Announcements
UConn Fall 2020 Information
Mathematics Continued: A Research Conference for Undergraduates
2020 Connecticut Summer School in Number Theory
News & Achievements
In Memoriam: Charles I. Vinsonhaler
It is with great sadness that we inform you of the passing of Charles I. Vinsonhaler, Professor Emeritus of the Mathematics Department. Chuck, as he was universally known, was on the UConn faculty for decades and served as Department Head (19972003). He founded the department’s worldleading Actuarial Science program and played a key role in […]
[Read More]Welcome new faculty and students!
Welcome back! Even as we prepare for a very unusual new semester, we are very excited to be joined by a large number of newcomers this fall, and to welcome them to our Department! Regular Faculty Robert Dolan, Assistant Professor in Residence Amineh Farzannia, Assistant Professor in Residence Sijing Liu, Assistant Professor in Residence Hanson […]
[Read More]Visualizing The Impact of Social Distancing and Wearing Masks
UConn Startup Stemify Aims to Bridge Students’ Math Skills Gap
Goldenson Center Develops Model of PPE Impact on Virus Spread
Upcoming Events

Oct
28
Algebra Seminar
SatoTate Distributions And Identities Of Symplectic Characters
KyuHwan Lee (University Of Connecticut)11:15amAlgebra Seminar
SatoTate Distributions And Identities Of Symplectic Characters
KyuHwan Lee (University Of Connecticut)Wednesday, October 28th, 2020
11:15 AM  12:05 PM
Storrs Campus
WebExThe Sato$$$$Tate distributions for genus $$2$$ curves (conjecturally) describe the statistics of numbers of rational points on the curves. In this talk, we explicitly compute the autocorrelation functions of Sato$$$$Tate distributions for genus $$2$$ curves as sums of irreducible characters of symplectic groups. Our computations bring about families of identities involving irreducible characters of symplectic groups, which have interest in their own rights.
Please contact the organizer for the WebEx link.Contact Information: mihai.fulger@uconn.edu
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Oct
28
Math Club
Brownian Motion: Its History And Applications
Fanny Shum (NYU)5:45pmMath Club
Brownian Motion: Its History And Applications
Fanny Shum (NYU)Wednesday, October 28th, 2020
05:45 PM  06:35 PM
Storrs Campus
OnlineBrownian motion is used in many disciplines, such as mathematical physics, probability, and mathematical finance. We will look into the brief history of the development of Brownian motion, also referred to as the Wiener process, and its significance in mathematics. In addition, we will discuss some of its applications.
Note: Join the meeting at https://uconnvtc.webex.com/meet/mathclubContact Information: Keith Conrad
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Oct
30
Math Physics Learning Seminar
Xiaodong Yan, University Of Connecticut
An Approximate Smectic Liquid Crystal Model: Compactness And Sharp Lower Bound 10:00amMath Physics Learning Seminar
Xiaodong Yan, University Of Connecticut
An Approximate Smectic Liquid Crystal Model: Compactness And Sharp Lower BoundFriday, October 30th, 2020
10:00 AM  11:00 AM
Storrs Campus
online (please contact Masha)Smectic liquid crystals are remarkable examples of geometrically frustrated multilayer system of soft matters. The sutble interplay between the geometry of the layers and equal spacing imposes theoretical complications and understanding the layer structures is a challenging task. In this talk, we shall discuss an approximate nonlinear smectic liquid crystal model in 2 dimensions. Our main results are a compactness theorem for a sequence with bounded energy and a sharp lower bound on the energy. Our analysis indicates that for the 2d model we studied, the defect energy of asymptotically minimal configurations corresponds to the energy of a 1D ansatz, which confirms equipartition between the bending and compression terms in the energy functional is optimal. This is joint work with Michael Novack.Contact Information: maria.gordina@uconn.edu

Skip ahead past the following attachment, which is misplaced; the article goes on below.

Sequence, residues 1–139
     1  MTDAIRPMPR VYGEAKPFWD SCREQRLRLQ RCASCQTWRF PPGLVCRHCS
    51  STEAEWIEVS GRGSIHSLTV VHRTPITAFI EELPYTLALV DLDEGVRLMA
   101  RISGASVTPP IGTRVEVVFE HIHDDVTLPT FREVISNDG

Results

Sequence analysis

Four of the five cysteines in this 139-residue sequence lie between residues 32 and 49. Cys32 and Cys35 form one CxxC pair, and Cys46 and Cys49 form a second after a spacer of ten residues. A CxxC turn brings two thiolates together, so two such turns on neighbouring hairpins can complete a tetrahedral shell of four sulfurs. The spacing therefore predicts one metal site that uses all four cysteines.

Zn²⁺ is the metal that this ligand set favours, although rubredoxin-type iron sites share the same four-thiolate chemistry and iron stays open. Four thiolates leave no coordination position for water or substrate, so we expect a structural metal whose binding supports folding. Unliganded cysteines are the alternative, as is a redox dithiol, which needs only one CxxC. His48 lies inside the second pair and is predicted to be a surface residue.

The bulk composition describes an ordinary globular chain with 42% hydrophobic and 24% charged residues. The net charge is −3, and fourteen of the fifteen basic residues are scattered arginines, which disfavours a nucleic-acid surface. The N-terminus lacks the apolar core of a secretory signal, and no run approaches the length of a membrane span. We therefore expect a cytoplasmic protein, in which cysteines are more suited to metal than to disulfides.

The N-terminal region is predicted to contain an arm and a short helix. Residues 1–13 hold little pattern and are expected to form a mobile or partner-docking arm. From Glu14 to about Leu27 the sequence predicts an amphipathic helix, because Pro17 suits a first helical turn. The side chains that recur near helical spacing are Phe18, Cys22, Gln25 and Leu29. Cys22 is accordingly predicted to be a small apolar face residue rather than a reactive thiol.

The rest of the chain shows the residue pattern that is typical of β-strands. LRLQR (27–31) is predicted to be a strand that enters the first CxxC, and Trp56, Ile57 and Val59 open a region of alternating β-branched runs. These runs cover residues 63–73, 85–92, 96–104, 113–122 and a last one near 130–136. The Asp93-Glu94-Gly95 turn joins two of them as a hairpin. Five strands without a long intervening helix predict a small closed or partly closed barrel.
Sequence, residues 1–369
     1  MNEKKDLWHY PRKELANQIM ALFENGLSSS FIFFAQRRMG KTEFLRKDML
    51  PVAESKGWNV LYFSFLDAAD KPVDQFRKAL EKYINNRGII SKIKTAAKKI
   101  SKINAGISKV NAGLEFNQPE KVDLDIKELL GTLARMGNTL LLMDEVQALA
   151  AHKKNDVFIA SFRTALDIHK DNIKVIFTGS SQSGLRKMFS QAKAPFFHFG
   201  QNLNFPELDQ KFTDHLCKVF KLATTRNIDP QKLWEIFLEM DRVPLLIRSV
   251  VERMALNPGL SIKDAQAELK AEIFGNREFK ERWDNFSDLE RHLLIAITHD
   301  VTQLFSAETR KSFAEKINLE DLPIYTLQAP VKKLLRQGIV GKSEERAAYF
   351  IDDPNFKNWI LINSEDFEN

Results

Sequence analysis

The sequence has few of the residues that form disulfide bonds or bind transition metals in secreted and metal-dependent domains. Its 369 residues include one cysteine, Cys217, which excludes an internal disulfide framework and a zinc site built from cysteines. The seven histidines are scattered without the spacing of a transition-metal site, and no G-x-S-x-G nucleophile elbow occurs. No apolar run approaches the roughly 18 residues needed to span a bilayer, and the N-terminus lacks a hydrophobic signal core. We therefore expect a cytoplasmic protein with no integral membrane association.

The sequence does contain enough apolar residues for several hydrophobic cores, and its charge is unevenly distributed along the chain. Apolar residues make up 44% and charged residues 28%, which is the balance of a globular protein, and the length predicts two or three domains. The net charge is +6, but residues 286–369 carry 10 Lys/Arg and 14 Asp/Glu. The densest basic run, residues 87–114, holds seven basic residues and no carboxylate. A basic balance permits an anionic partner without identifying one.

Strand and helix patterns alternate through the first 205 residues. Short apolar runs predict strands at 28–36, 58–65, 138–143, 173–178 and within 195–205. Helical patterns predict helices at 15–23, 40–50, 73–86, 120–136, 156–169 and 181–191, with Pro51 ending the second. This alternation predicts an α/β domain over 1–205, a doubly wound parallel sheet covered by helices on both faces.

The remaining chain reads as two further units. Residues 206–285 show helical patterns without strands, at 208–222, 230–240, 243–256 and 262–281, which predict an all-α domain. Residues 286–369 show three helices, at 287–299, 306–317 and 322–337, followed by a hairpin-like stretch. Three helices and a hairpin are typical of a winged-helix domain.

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Oct
30
Logic Colloquium (Online): Brauer, Linnebo, & Shapiro: Choice Sequences11:00am
Logic Colloquium (Online): Brauer, Linnebo, & Shapiro: Choice Sequences
Friday, October 30th, 2020
11:00 AM  12:30 PM
Storrs Campus
onlineJoin us for the online Logic Colloquium for a talk by Ethan Brauer, Øystein Linnebo, and Stewart Shapiro on:
Divergent potentialism: A modal analysis with an application to choice sequences
Modal logic has recently been used to analyze potential infinity and potentialism more generally. However, this analysis breaks down in cases of divergent possibilities, where the modal logic is weaker than S4.2. This talk has three aims. First, we use the intuitionistic theory of free choice sequences to motivate the need for a modal analysis of divergent potentialism and explain the challenge of connecting the ordinary theory of choice sequences with our modal explication. Then, we use the socalled BethKripke semantics for intuitionistic logic to overcome those challenges. Finally, we apply the resulting modal analysis of divergent potentialism to make choice sequences comprehensible in classical terms.
Please contact Marcus Rossberg for login information.
https://logic.uconn.edu/calendar/Contact Information: marcus.rossberg@uconn.edu
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Oct
30
SIGMA Seminar
A Percolation Model For The Spread Of Pandemic Disease
Zhongyang Li3:00pmSIGMA Seminar
A Percolation Model For The Spread Of Pandemic Disease
Zhongyang LiFriday, October 30th, 2020
03:00 PM  04:00 PM
Storrs Campus
OnlineTBA
https://uconncmr.webex.com/uconncmr/j.php?MTID=m86369e51cc4cbf4727aa0462e6ae7280Contact Information: Bailey Johnson
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